This difficulty is illustrated by study findings showing that of all the Cisco SMB channel partners, 44 percent consider Cisco to be their top partner. The other 56 percent mention Microsoft, Oracle, HP, IBM and several others. Within the VAR/SI community, Cisco’s share of preference is 48 percent and drops to 39 percent amongst the MSPs/SPs that are viewed as critical to the success of future cloud initiatives.

Cisco’s SMB Channel Partner Brand Equity

Techaisle believes that it is time for a new metric to represent presence (and opportunities for growth) within the SMB market. Techaisle refers to this second-generation measurement approach as Brand Equity Management. It is measured by a robust proprietary index, the Techaisle Brand Equity Score (BES-360).

Techaisle believes that it is important for IT vendors to measure their Brand Equity within SMB channel partners as well as SMBs. Techaisle’s Brand Equity Score, BES-360, helps to identify areas where IT vendors can improve to increase share of wallet. BES-360 is a KPI (Key Performance Indicator) that measures the strength of brand within a segment.

Cisco’s Brand Equity Score within its SMB channel partners is higher than most competitors – but lower than scores for both IBM and Microsoft. The implication of these findings is that even through Cisco has high brand equity amongst its channel partners; it is not necessarily true that its entire SMB-focused channel base is firmly wedded to Cisco’s game plan.

SMB Channel Partner Brand Equity Measurement– the New Prescription

Breaking down the data for Cisco, Techaisle’s study finds that almost 25 percent of Cisco’s channel partners have a Brand Equity rating of 80+. This group forms Cisco’s core partners. The data also shows that almost 35 percent of Cisco’s SMB channel partners have equity of less than 40. These are the partners that Cisco needs to work on.

Interestingly, small business focused channel partners give a higher Brand Equity Score to Cisco than mid-market focused channel partners. This is a segment that Cisco should address as the mid-market has become a battleground for most IT vendors and there is yet no clear dominant player.

Among all SMB channel partners of Cisco, VARs are actually driving up the Brand Equity Score. In fact 41 percent of VARs constitute the HBE (High Brand Equity) group. On the other hand, MSPs constitute only 20 percent. In order for Cisco to continue to grow its CMSP program and build on its initial successes, Cisco has to turn its attention to the MSPs that serve the SMBs to understand the key reasons for lower brand equity which when fixed can lead to better wallet share among MSPs.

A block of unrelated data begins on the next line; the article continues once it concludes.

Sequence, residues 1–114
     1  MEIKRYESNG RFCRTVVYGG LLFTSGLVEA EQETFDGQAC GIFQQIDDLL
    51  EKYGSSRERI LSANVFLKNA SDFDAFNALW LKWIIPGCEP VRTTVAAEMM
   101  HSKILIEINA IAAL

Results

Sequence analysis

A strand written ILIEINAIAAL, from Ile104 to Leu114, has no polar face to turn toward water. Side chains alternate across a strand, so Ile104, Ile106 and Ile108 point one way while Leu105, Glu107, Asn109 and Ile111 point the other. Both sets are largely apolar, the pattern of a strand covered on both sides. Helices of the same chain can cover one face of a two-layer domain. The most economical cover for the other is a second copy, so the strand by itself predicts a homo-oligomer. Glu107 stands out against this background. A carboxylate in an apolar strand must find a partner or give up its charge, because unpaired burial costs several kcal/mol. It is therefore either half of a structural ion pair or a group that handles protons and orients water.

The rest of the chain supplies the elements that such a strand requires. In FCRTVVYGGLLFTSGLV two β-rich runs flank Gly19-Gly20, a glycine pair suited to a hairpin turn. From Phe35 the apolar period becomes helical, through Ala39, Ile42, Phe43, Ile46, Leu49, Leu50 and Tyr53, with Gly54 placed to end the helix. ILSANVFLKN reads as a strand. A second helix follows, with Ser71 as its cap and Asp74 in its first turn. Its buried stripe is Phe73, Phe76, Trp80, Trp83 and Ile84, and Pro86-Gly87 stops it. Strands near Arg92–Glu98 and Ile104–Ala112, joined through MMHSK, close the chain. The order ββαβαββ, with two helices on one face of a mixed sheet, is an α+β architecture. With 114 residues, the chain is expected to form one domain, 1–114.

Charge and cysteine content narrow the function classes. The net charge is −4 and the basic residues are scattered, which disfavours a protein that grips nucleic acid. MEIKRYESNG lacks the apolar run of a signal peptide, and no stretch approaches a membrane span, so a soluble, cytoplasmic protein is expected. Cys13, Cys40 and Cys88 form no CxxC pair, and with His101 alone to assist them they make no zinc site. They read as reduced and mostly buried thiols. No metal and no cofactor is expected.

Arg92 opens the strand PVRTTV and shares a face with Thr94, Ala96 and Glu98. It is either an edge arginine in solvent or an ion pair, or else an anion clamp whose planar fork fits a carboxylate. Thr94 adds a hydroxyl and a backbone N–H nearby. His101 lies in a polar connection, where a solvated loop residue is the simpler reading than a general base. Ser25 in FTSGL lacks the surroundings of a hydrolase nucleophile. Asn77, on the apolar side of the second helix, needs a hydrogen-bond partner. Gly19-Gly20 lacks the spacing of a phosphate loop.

Drilling down further into the data, Techaisle finds that Cisco is not doing better within the overall managed services community than it is within MSPs focused on cloud. A higher percentage of Cisco’s HBE partners are offering managed services to SMBs whereas a higher percentage of ABE (Average Brand Equity) partners are offering Cloud to SMBs. Cisco’s SMB cloud ambitions would benefit from moving some of these ABE cloud partners to HBE segment. The HBE segment offering cloud services need extensive training on cloud solutions to become more successful in offering cloud to their SMB customers. More than 40 percent of these channel partners are working with SMB customers that have private cloud. This may be good for Cisco in the short-term but it does not represent best practice in this segment, and it is misaligned with the ongoing acceptance of public cloud as a preferred IT delivery platform.

Product resale revenue is 43 percent for HBE partners as compared to 38 percent for ABE. Similarly, recurring revenue is 57 percent for HBE as compared to 61 percent for ABE. Naturally, this bodes well for Cisco’s current revenue as the High Brand Equity partners are driving higher revenues from products. However, if Cisco plans to increasingly promote service-centric partners then a lot more work is required to identify partners with higher services revenues and move them into the High Brand Equity segment.